PHOENIX -- Arizona State University researchers say population growth is changing the state's climate.
Blaming continued population growth through the Sun Corridor, the area from Nogales through Tucson, Phoenix, and Prescott, the research team predicts average summer temperatures will increase by between three and seven degrees by 2050.
"The magnitude surprised me. It's pretty considerable," said Dr. Matei Georgescu.
A team from ASU's School of Geographical Sciences and Urban Planning, and the School of Mathematical Statistical Science put the report together.
Population growth could reach close to 10 million in the Sun Corridor by 2050. The added roads, homes, and buildings are to blame for the rise in average summer temperature, according to the ASU team.
"The heat is absorbed all day, and then re-emitted at night. There will be less cooling at night," said Georgescu.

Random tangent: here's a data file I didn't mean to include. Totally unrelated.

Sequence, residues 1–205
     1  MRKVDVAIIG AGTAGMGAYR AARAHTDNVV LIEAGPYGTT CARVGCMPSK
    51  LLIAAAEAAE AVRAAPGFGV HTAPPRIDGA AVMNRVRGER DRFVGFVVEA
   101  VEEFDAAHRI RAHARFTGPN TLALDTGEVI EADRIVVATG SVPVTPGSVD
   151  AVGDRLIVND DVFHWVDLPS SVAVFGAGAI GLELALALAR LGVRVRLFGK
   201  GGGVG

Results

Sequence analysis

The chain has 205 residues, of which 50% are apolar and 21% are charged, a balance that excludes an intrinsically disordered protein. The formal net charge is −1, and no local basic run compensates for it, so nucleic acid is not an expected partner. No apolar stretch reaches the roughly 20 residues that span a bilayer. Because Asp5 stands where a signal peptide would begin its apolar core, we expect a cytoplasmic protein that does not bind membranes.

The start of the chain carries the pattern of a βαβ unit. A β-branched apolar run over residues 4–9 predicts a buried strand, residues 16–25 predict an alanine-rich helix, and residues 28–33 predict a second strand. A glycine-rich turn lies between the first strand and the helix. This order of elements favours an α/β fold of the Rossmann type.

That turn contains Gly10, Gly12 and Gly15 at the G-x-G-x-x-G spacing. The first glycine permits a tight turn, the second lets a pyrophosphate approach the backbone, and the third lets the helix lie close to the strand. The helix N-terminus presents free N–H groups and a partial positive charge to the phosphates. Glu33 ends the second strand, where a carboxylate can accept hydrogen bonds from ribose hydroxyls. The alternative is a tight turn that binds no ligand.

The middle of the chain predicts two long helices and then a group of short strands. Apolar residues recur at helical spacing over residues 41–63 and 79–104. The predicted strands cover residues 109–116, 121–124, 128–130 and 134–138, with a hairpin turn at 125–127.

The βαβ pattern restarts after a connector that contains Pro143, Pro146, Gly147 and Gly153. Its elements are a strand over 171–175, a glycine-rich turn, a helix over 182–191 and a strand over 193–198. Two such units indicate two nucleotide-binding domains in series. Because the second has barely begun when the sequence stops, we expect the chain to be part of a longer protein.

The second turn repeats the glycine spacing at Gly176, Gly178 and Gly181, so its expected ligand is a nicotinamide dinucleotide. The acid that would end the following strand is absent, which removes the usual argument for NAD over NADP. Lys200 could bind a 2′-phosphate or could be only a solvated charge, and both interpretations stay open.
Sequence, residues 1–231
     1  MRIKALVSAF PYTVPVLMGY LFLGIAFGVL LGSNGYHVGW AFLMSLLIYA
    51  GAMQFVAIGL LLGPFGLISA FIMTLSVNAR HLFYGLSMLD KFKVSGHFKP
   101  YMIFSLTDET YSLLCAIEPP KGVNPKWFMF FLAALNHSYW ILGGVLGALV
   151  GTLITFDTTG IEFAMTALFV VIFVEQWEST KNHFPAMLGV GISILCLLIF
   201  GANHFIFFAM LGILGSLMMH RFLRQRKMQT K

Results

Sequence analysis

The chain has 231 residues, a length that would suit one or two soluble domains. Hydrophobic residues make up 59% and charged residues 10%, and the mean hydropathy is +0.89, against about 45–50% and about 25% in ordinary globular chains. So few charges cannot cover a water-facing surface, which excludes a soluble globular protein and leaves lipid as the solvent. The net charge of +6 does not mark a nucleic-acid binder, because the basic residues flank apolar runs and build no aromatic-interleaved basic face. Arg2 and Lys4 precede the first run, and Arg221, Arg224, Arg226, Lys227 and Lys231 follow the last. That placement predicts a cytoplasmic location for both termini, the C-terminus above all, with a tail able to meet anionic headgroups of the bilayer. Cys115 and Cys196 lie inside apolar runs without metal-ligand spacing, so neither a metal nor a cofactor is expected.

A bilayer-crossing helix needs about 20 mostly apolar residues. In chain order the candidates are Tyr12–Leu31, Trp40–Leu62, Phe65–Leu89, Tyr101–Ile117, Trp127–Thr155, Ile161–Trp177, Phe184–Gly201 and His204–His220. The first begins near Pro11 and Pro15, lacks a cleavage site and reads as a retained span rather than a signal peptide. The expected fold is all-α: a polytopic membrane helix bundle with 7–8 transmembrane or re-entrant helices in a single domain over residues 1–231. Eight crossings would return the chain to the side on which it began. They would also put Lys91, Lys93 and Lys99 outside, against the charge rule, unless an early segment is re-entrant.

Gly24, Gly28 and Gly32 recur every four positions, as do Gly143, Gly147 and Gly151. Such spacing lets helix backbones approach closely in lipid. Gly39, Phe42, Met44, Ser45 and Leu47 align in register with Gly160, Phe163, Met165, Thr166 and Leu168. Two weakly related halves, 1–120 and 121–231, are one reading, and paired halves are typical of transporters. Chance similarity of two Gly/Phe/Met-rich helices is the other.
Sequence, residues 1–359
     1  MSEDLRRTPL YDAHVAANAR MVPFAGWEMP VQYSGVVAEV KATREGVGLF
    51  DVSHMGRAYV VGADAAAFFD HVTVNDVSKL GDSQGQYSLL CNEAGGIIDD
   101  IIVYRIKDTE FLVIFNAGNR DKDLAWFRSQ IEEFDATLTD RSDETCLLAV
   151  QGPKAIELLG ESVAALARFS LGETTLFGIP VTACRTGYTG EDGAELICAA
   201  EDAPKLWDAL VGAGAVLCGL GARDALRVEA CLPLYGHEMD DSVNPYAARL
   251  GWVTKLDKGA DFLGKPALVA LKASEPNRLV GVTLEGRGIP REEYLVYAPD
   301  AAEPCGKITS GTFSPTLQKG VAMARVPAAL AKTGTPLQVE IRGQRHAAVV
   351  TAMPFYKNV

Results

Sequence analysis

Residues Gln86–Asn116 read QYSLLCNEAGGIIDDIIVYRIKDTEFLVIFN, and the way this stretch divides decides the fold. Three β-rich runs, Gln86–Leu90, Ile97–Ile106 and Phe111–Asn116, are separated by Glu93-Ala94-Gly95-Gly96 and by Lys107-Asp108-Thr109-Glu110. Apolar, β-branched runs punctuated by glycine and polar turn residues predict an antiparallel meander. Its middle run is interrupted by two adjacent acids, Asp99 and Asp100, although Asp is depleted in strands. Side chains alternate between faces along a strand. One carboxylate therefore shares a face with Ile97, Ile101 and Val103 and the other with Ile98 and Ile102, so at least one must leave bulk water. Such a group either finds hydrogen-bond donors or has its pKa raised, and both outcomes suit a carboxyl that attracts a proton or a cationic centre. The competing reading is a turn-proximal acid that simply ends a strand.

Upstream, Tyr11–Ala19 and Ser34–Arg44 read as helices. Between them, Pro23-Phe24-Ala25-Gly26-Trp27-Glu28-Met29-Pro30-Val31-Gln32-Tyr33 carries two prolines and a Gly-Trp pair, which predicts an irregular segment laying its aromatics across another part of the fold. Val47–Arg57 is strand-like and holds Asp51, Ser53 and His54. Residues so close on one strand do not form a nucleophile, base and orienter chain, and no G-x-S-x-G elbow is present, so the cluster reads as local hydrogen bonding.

In Phoenix, several projects are underway to mitigate the expected rise in temperature due to population growth.
The light rail is one example. The sky train at Sky Harbor Airport is another. It will eliminate the need for dozens of buses.
Phoenix officials are also pushing urban forestry initiatives, green construction and solar energy.
"It's incumbent on us all to make sure that this expansion is done in a very sustainable and green fashion," explained Georgescu.
Click here to view the full ASU report.